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Roman road discovered under McDonald’s restaurant

This post is also available in: Polish (polski)

Roman road discovered under McDonald's restaurant
Roman road discovered under McDonald's restaurant | Photo: MAURO CONSILVIO

In 2014, a 2,000-year-old Roman road was discovered on the site of a McDonald’s restaurant in Frattocchie, Italy.

Archaeologists then started excavations, which cost about 300,000 euros.

The road in question was entirely paved and connected to Via Appia, which was the most besieged and oldest route connecting Rome with Brindisi. She was also called regina viarium, meaning “queen of the roads”.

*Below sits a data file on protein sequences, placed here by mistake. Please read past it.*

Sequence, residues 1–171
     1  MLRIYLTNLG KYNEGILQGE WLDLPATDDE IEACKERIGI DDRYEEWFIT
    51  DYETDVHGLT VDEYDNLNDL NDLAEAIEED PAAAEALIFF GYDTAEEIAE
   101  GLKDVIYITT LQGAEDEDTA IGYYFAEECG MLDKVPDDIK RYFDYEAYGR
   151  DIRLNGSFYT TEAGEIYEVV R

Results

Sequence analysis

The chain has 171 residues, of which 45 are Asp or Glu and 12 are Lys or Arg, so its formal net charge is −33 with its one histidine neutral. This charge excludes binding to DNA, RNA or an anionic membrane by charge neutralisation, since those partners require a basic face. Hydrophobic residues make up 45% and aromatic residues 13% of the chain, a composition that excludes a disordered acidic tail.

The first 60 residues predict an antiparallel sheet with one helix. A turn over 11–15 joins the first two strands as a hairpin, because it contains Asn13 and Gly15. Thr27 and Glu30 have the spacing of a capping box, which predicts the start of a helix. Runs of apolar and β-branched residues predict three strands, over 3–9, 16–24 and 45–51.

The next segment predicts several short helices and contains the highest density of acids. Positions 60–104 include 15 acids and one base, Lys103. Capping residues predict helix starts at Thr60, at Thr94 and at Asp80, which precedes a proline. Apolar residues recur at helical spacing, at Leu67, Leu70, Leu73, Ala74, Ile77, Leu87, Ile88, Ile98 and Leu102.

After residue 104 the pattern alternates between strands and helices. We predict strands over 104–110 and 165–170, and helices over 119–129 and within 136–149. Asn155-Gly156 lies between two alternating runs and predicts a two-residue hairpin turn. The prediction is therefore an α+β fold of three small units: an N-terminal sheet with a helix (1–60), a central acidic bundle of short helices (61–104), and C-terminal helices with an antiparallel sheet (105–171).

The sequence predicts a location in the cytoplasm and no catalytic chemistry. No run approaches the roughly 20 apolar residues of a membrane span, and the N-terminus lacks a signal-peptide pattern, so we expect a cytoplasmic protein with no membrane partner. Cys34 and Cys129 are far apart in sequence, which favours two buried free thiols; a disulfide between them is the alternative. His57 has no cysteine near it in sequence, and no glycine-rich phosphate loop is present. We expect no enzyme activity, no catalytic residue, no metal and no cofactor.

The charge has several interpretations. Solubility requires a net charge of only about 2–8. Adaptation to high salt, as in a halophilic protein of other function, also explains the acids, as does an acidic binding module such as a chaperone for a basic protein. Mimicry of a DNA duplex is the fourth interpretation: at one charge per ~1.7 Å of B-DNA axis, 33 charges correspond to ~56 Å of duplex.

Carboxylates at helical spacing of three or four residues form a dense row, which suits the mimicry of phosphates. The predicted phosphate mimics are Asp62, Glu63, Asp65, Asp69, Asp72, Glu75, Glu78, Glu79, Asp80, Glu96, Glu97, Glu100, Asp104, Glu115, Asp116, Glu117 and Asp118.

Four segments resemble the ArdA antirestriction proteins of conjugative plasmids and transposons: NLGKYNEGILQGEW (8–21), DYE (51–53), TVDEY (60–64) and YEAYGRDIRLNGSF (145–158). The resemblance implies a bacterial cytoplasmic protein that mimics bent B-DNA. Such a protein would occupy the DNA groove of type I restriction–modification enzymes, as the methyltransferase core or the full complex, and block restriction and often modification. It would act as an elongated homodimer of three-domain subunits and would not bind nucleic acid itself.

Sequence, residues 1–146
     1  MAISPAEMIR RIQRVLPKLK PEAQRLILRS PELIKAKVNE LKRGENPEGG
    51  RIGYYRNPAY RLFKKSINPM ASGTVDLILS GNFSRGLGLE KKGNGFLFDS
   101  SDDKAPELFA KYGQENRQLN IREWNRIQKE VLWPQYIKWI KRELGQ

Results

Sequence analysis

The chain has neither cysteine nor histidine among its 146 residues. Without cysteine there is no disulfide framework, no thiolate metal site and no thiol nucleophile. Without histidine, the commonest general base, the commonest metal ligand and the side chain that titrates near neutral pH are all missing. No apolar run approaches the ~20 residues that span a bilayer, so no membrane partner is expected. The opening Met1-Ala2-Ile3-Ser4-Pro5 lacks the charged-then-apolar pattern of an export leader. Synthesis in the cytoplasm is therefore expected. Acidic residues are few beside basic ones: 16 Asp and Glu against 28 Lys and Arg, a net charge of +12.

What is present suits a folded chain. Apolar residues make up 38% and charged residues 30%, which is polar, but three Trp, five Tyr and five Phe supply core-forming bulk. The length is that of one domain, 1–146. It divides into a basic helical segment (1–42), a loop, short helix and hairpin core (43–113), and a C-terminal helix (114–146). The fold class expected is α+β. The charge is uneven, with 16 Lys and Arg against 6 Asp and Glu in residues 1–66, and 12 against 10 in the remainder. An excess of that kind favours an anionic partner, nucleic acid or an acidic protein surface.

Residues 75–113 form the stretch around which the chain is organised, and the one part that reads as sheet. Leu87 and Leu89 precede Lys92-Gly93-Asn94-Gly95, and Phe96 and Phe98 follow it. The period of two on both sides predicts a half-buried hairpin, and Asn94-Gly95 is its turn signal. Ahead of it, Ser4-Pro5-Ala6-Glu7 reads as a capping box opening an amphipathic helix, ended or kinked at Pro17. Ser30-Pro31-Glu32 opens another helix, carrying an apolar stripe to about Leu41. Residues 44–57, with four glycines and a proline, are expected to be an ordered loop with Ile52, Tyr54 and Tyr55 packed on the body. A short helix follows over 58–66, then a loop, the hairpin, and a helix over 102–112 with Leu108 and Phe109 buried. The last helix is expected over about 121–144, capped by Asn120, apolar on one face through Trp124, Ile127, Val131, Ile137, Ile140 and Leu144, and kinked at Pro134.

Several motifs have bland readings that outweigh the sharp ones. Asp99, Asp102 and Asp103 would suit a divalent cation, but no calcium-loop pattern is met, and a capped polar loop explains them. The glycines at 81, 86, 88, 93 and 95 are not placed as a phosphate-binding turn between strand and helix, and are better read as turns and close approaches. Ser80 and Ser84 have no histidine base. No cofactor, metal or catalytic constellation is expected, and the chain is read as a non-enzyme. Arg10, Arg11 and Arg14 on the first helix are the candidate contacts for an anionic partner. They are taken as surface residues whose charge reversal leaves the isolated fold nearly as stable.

Scientists believe that the discovered fragment of the road (45 meters long and 2 meters wide) connected some small settlement or estate with the Appian Way. The road was built in the 2nd century BCE, but from the 3rd century CE has ceased to be used. What’s more, three skeletons were also discovered near the road, probably buried in the 3rd century CE.

Now at McDonald’s, diners can admire the remains of the Roman road through the glass floor or get a closer look at it by going downstairs.

As stated by the head of McDonald’s in Italy, this is the first McDonald’s restaurant that is also a museum.

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